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Come, Thorpe," he said quietly, I thought thou had more

Let us hear what it is all about." Thorpe recognised instantly the folly of quarelling, and calming himself, told Smith the ground of his disquietude. Smith glanced round the room uneasily when he heard what had given rise to the dispute, and when Thorpe had concluded, asked quietly, " Does thou suspect anybody, Will ?”

· No," replied Thorpe,“ but it is as well to take proper precautions I think."

“And I agree with thee,” said Smith, “I think we might insist on all the men taking an oath not to divulge what they know."

“Well," put in Mellor, who, having had a little time for reflection, began to see the the folly of neglecting precautions, “I agree with that. We'll make every man in the place who knows anything about the matter take an oath of secrecy. Thee go into the new shop, Thorpe, and start with Sowden, bring him into the press room, and I will see about the rest.”

Thorpe left the room as requested, and went into the new shop where Sowden worked.

Here, Sowden," he said, standing in the door way, I want thee."

The man addressed left his work and went into the adjoining room. Thorpe closed the door and then turned towards the astonished workman.

Sowden," he commenced, thou knows all about Horsfall's affair."

I know what thee and the rest have told me," replied Sowden. “Well, I must have thee swear to keep Horsfall's murder in all its circumstances a strict secret,” continued Thorpe.

“I can keep the secret without being sworn," said Sowden.

“Well, may be thou can, but I intend thee to be sworn," answered Thorpe, firmly.

Now look here, Thorpe," replied Sowden, doggedly, “I do not belong to the Ludds because I do not agree with them in all things, but you need not be afraid I shall peach. I never took an oath in my life and I don't mean to begin now. Besides the oath you would administer is an illegal one, and you are well aware I should be liable to seven years transportation if I took it." "Oh yes ! its all very nice," sneered Thorpe,

for such chaps as thee to stand on one side and say I don't agree with the Ludds, leaving others to do all the work and risk their lives. I have already said thou shall take this oath and thou shall, or I will shoot thee dead where thou stands !"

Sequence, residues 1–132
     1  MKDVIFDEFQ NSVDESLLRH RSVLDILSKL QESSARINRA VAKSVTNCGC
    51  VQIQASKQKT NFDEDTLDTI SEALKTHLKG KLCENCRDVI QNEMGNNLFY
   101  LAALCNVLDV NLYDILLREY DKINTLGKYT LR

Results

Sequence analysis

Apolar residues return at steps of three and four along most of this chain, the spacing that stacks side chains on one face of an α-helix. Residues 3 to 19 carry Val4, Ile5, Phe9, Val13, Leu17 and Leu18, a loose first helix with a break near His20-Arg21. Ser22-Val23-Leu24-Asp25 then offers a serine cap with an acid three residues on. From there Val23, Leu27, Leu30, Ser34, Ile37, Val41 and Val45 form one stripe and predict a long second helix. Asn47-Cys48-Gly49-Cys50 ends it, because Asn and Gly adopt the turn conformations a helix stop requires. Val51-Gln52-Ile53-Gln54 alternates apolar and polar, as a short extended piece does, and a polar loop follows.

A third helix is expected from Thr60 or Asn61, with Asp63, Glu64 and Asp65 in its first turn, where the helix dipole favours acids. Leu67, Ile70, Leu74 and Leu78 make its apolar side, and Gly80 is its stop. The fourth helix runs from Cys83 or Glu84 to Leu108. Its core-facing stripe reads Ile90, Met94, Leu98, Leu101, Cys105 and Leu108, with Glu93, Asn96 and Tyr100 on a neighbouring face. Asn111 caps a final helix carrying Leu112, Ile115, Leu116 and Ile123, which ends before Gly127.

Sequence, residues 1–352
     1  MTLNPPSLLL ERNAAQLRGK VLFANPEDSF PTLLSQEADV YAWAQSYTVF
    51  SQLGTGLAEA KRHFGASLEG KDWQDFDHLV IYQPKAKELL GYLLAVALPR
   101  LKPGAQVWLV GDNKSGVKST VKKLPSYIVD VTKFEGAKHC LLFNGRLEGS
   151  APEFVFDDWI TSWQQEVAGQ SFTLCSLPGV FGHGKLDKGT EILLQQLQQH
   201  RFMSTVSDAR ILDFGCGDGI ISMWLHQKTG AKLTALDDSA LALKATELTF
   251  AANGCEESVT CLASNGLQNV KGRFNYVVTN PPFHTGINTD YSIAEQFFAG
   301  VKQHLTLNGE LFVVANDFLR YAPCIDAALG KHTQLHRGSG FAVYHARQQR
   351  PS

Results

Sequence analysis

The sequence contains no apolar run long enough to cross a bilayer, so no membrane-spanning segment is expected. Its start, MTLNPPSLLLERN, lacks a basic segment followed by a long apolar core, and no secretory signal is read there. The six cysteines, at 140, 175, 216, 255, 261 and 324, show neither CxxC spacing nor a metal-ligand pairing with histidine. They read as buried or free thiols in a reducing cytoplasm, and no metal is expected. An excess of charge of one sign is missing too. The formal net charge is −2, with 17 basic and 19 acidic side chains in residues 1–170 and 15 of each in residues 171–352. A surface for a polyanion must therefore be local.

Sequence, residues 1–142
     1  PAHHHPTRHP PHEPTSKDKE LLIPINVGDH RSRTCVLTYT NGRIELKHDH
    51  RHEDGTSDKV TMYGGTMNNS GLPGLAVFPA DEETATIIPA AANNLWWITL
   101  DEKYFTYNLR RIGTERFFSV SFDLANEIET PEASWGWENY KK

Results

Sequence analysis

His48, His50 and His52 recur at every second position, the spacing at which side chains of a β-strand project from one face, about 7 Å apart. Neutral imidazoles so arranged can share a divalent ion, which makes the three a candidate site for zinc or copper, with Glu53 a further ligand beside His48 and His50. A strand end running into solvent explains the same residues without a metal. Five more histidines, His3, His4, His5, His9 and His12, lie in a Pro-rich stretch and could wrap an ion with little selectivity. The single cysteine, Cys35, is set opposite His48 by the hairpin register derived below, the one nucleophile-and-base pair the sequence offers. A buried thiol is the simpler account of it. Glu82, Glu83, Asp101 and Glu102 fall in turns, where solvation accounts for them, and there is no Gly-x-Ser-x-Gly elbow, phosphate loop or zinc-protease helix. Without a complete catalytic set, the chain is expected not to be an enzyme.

Thorpe produced a loaded pistol which he always carried and planted himself in front of Sowden. Lifting the trigger he fixed his eye on his prisoner, and raising his voice said,

Now, will you take the oath ?" “I will," responded Sowden, who saw it was vain to contend further with the desperate man before him.

Repeat after me then," cried Thorpe, and Sowden repeated after

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him the following oath :-“I, Joseph Sowden, do hereby declare and solemnly swear I never will divulge to any person or persons under the canopy of heaven the names of the persons concerned in shooting Horsfall, nor do anything nor cause anything to be done which might lead to the discovery of the same, either by word, deed, or sign, on penalty of being sent out of the world. So help me God to keep this my oath inviolable."

“ Now kiss this book," added Thorpe, holding a Bible to Sowden's lips.

Sowden placed the book to his face as if kissing it, but did not actually do so.

· Now I have not done with you yet," said Thorpe, still presenting the pistol. “As you have given me some trouble I will make you administer the oath yourself to every man that is brought into the press shop!"

Sowden had nothing wherewith to defend himself. He knew he was in the hands of a desperate, unscrupulous man, who would not hesitate to carry out his threats, he saw therefore that it was useless to resist.

Now, sit here," commanded Thorpe, on the press table; take this book and read the oath written on the paper at the back to all who are brought before you; say nothing to any but what I said when I administered the oath just now, and remember that I stand beside you and that my pistol is handy in my pocket here.”.

Having thus spoken, I'horpe drew the bolt back in the door, and Mellor entered, accompanied by Benjamin Walker, who looked astonished to see Sowden there taking the leading part in the proceedings, but he took the oath with a cool and indifferent air, offering no observation, and then gave place to his fellow workmen who were brought one by one into the room by Mellor.

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“ For murder, though it have no tongue,
Will speak with most miraculous organ.”

SHAKESPEARE. The daring assassination of Mr. Horsfall in open day spurred on the Huddersfield authorities to make still greater efforts to detect the Luddites, who, they were well aware, were very numerous in the town and neighbourhood, but they found their task more difficult than ever, as the old fear of the vengeance of the dreaded fraternity had resumed its sway over the minds of the people since the murder, and many who might have put the officers of the law on the scent were fain to bury their information or suspicions deep in their own hearts.

On the evening of Monday, the 27th of April, the military authorities received an anonymous ietter informing them of the hiding places of three wounded men who, it was thought, had been concerned in the attack on Cartwright's mill. Steps were taken by the soldiers to effect their capture, which proved successful, and the prisoners were conveyed for the night to the Huddersfield barracks. A few hours after, the stables which adjoined the room where the prisoners were confined were found to be on fire, the object of the incendiaries being, it is thought, to distract the attention of the guard from the prison, on which an attack had been planned if the ruse had proved successful. The sentries, however, remained at their posts, and the fire having been extinguished before it reached the main building, the purpose of the Luddites was defeated. The capture however, proved useless after all, for no evidence could be adduced to incriminate the prisoners, and they were eventually discharged.